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April 13, 2016 4:08 pm

International Law Expert: Palestinian Security Council Resolution Condemning Israeli Settlements Political Statement, Not Binding (VIDEO)

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Amb. Alan Baker. Photo: Jerusalem Center for Public Affairs/Screenshot.

Amb. Alan Baker. Photo: Jerusalem Center for Public Affairs/Screenshot.

A Palestinian Authority-drafted UN Security Council resolution condemning Israeli settlements would not be legally binding, even if it passed, an expert in international law said on Monday.

Alan Baker, a former Israeli ambassador to Canada who heads the Institute for Contemporary Affairs at the Jerusalem Center for Public Affairs (JCPA), was referring to the PA resolution, which has been circulating ahead of President Mahmoud Abbas’ multi-country trip on which he embarked Tuesday. Aside from visiting Turkey, France, Russia and Germany, Abbas will stop in New York, where he aims to try to further his agenda at the UN.

“I presume and hope that the Americans will veto such a resolution, because [it] is purely a political statement — not a legal holding,” said Baker, who participated in the negotiation and drafting of past agreements with the Palestinians. But even if they don’t, he said, “The resolution will have no basic effect.”

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Baker made his comments in a televised in-house interview conducted by JCPA Director of Publications Lenny Ben-David, who asked if such a resolution, if passed, could lead to sanctions against Israel.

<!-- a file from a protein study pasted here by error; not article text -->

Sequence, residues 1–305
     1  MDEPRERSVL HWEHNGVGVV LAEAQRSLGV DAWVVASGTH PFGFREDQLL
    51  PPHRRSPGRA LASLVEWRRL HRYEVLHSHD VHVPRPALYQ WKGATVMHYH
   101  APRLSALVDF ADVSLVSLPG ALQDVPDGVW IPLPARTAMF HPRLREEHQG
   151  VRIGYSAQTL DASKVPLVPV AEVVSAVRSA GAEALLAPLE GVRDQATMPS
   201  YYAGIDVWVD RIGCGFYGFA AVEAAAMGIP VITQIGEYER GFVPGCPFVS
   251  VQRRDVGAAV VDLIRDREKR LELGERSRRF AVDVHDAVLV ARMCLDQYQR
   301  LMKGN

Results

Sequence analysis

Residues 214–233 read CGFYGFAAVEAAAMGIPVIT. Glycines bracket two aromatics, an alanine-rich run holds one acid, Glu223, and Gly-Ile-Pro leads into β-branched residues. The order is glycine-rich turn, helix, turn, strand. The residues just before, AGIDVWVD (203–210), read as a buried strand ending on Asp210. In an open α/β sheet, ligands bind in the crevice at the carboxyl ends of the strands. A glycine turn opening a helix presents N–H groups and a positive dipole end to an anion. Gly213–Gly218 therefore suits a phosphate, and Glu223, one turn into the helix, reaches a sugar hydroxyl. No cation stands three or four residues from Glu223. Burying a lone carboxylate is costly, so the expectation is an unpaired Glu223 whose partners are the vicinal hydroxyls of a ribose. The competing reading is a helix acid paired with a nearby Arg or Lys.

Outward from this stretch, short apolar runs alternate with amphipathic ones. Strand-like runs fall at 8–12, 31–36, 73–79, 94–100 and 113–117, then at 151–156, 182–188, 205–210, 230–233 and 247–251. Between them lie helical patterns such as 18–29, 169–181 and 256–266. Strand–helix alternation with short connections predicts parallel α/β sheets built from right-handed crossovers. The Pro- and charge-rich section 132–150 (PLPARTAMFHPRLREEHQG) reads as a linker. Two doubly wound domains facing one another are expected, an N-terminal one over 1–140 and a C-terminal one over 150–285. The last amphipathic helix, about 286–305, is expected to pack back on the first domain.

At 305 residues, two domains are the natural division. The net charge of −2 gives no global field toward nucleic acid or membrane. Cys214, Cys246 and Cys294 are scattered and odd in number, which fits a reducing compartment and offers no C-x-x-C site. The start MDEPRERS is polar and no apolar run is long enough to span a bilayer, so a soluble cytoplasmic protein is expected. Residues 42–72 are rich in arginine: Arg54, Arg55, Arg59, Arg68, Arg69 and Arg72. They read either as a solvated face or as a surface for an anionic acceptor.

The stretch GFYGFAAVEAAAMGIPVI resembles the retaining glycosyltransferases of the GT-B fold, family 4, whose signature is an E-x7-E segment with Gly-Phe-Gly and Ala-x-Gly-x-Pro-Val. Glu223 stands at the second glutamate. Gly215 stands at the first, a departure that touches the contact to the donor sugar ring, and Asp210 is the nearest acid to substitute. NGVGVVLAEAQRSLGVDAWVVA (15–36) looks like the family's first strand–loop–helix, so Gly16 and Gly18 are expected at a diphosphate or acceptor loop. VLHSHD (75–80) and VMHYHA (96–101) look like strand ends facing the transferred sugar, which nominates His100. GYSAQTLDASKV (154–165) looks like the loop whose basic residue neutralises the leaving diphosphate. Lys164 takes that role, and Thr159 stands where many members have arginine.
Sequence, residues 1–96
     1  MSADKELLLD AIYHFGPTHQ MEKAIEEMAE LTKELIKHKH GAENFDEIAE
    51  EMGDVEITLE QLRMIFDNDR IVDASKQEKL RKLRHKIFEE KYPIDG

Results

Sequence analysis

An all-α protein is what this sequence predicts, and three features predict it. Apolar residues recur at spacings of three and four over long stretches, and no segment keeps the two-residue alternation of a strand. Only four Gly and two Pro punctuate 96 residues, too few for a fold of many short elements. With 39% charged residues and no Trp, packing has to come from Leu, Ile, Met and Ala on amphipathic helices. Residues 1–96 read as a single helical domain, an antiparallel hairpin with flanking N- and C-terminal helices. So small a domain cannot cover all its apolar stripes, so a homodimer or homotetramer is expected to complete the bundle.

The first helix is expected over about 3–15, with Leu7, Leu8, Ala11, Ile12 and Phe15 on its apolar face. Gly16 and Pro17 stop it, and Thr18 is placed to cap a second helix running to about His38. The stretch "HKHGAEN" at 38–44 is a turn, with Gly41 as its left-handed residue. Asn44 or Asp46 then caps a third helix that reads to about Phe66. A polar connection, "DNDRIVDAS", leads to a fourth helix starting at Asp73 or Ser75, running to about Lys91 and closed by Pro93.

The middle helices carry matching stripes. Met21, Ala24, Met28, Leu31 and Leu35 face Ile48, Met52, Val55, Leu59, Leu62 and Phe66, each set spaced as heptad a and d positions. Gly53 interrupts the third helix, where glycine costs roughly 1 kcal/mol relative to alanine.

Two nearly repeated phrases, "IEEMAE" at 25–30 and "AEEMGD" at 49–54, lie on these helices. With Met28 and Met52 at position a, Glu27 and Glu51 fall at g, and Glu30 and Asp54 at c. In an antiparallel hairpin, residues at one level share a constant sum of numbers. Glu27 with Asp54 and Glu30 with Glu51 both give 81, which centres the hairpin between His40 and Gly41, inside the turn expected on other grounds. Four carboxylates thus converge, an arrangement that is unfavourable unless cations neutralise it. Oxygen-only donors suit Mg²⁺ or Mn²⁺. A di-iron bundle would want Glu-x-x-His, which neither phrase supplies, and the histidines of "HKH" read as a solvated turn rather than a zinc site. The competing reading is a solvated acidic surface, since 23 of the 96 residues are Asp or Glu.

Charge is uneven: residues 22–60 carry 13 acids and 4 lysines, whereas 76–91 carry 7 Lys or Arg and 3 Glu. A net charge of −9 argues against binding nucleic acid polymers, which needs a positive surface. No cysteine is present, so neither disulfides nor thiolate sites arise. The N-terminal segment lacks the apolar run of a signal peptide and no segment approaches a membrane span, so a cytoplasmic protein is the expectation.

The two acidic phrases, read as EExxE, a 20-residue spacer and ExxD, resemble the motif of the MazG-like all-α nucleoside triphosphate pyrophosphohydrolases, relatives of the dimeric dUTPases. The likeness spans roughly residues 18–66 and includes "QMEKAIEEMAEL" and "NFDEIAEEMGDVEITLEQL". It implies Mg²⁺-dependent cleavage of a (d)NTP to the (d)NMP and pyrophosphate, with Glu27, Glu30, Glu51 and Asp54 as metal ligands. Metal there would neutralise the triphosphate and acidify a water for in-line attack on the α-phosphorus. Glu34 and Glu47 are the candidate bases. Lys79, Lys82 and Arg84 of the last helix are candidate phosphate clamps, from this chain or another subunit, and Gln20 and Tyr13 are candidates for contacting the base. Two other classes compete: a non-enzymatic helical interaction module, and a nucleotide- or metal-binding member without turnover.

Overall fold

“No,” Baker replied. “If the resolution isn’t mandatory according to the seventh chapter of the UN Charter – and no Middle Eastern resolutions have been adopted according to the seventh chapter – it can’t lead to sanctions.”

On the question of whether the resolution would push Israel into negotiations, Baker said, “One of the aims of the draft resolution, as much as we know, is [for the Palestinians to] get back to a negotiating mode… But it’s somewhat strange, because three or four weeks ago in Japan, the Palestinian foreign minister announced formally that the Palestinians have given up the negotiating channel. So perhaps they should decide what they want. Either they’re giving up negotiations or proposing resolutions to get back to negotiations. Everybody’s confused.”

Watch the interview below:

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